For 11 years, Guy Yamamoto had attempted to qualify for the U.S. Amateur Public Links Championship, so when he finally broke through and made the field in 1994, the Kauai native made the most of the opportunity. Yamamoto, a quarterfinalist in the 1991 U.S. Mid-Amateur, defeated future PGA Tour winner and U.S. Ryder Cup player Chris Riley in 37 holes to claim the APL title at Eagle Bend Golf Club in Bigfork, Mont. Today, Yamamoto, 52, is the general manager of Mililani Golf Club, a public course just 25 minutes from Waikiki Beach on Oahu. He started there last September after a previous stint at Pearl Country Club. A graduate of the University of Hawaii, Yamamoto is a career amateur who was inducted into the Hawaii Golf Hall of Fame in January.
Looking at the bracket from the 1994 APL, you beat some pretty impressive names, including three who went on to PGA Tour success in Matt Gogel, Notah Begay III (semifinals) and Chris Riley (final). Does that bring back fond memories?
At the time, I believe all three were first-team All-Americans. We started the week out where I was on one side of the bracket and another Hawaii guy (Michael Pavao) who was in college was on the other side. He knew all these guys by heart. Every day, I would get the lowdown. I was 32. All six guys I played were college guys. They probably looked at me when I showed up on the tee like: “This guy is like 30-something. What’s he doing?” I think that worked in my favor.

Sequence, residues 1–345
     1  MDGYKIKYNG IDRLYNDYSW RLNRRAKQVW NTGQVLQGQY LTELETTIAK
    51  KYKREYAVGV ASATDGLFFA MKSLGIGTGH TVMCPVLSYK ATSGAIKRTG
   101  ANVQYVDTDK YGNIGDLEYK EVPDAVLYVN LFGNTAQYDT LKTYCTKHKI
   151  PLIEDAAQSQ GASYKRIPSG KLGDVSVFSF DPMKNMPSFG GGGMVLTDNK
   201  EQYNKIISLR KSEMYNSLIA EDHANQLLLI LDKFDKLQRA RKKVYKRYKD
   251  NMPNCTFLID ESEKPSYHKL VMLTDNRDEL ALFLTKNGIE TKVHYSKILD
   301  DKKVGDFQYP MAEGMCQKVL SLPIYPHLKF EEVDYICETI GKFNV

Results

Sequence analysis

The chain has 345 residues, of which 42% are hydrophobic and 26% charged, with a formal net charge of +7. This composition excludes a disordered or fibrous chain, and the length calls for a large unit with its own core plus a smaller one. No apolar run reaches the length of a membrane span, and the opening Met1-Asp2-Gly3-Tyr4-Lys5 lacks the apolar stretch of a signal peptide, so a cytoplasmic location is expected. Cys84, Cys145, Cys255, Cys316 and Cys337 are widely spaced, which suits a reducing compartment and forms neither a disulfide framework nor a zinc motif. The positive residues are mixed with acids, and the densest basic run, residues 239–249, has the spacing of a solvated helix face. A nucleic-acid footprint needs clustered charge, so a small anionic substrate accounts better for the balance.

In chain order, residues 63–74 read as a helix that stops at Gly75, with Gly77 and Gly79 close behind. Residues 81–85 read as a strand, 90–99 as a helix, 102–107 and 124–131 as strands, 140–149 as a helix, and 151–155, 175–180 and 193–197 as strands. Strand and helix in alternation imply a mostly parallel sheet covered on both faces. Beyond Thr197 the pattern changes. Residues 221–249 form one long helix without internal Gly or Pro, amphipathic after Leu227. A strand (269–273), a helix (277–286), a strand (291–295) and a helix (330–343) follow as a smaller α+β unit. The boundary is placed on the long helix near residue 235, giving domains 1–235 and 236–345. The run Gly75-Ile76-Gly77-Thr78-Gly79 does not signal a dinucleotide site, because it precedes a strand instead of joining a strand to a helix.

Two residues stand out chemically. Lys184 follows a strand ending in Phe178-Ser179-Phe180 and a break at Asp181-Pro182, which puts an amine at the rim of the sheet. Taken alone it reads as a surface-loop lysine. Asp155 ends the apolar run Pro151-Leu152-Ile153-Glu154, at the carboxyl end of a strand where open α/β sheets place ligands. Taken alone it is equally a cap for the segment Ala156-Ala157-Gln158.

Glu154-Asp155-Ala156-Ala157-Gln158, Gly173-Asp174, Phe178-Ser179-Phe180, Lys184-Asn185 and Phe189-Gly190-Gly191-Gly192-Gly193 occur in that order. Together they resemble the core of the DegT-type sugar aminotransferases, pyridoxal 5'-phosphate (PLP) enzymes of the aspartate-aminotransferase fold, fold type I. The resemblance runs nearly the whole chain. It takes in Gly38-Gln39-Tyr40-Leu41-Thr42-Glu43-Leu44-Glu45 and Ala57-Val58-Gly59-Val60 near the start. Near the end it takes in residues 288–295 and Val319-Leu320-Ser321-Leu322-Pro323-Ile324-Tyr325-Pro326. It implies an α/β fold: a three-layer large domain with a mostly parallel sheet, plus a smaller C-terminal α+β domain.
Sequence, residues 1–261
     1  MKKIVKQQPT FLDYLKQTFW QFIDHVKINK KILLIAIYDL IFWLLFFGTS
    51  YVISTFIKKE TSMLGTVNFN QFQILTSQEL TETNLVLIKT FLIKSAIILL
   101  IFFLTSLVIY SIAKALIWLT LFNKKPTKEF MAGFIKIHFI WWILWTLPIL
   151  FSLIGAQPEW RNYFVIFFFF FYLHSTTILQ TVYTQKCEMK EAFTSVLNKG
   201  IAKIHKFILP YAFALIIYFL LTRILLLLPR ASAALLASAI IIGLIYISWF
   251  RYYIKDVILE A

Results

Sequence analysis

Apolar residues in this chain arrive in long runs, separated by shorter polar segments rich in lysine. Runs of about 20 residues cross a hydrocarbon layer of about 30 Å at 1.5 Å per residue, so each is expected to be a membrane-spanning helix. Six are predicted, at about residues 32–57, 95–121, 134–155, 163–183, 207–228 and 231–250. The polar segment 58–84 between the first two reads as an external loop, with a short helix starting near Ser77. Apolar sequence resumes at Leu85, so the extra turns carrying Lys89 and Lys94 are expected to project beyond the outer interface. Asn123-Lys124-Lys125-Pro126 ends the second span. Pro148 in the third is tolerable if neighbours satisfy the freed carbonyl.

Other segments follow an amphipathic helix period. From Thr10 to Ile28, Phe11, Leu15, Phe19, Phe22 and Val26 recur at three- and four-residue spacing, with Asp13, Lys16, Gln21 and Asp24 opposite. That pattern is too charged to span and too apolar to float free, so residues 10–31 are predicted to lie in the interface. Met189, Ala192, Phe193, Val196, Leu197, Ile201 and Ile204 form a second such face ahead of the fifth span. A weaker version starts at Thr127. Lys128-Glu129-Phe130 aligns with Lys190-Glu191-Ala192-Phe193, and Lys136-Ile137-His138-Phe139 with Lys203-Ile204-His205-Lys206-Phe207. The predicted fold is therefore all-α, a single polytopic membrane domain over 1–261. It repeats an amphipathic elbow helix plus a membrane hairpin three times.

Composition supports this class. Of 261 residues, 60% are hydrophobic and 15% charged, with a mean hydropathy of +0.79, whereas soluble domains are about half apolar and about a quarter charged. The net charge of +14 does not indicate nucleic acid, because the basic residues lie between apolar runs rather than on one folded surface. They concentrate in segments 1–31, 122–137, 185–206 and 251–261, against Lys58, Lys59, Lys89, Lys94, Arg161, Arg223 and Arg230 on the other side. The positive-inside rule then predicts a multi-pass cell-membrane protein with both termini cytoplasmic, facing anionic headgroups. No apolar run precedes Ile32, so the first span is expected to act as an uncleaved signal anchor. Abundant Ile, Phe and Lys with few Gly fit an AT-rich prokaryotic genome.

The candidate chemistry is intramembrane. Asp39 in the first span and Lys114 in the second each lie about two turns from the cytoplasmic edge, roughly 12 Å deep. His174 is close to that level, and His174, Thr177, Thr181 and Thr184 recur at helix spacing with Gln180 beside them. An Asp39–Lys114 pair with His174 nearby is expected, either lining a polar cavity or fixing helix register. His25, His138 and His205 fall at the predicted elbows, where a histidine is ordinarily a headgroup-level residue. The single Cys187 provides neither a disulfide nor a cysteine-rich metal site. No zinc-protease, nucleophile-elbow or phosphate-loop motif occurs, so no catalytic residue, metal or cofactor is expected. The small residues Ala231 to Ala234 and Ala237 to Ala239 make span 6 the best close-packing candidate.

How much did it mean for you to win the title?
My first caddie job was the  Public Links in Hawaii at my home course (Wailua in Kauai). That was the first golf tournament I ever saw. So, it’s funny that the biggest tournament that I would win would be that one. I remember watching most of the final. It was an all-Hawaii final (Randy Barenaba defeated Alan Yamamoto). [Alan and I] are not related, but we’re very good friends and he’s been a mentor to me. I remember him missing the putt on the [36th hole] and then him losing on the very first hole of sudden death. Then, for me 19 years later, going to the 37th hole -- and thank God I was able to change the tide of our surname [with a winning par].
In 1975, the APL winner didn’t receive a Masters invitation. What was it like for you to receive such a perk when you won?
It was quite a bonus. My caddie for stroke play was a young guy from Montana, but he really didn’t understand where to put the bag. My roommate for the week, Phil Chun from Hawaii, missed the cut, so I asked him what he was doing for the rest of the week. He goes, “I was thinking about stopping in Vegas, but I will probably hang out for a little while.” I asked if he wanted to caddie for me, and he said yes. He was a thin guy and probably had a 28[-inch] waist back then. I jokingly asked him, “Do you think they have a jumpsuit your size [at Augusta National]?” He goes, “I don’t care if they have to sew up a pant leg, I’ll find one that fits me.” We laughed about it on Tuesday night. On Friday night before the final, we’re in the hotel room getting ready to go to sleep. He tells me, “I know you have a lot on your mind, but I would really love to caddie for you at Augusta.” The mood was a lot more [tense]. He did end up as my caddie for the Masters.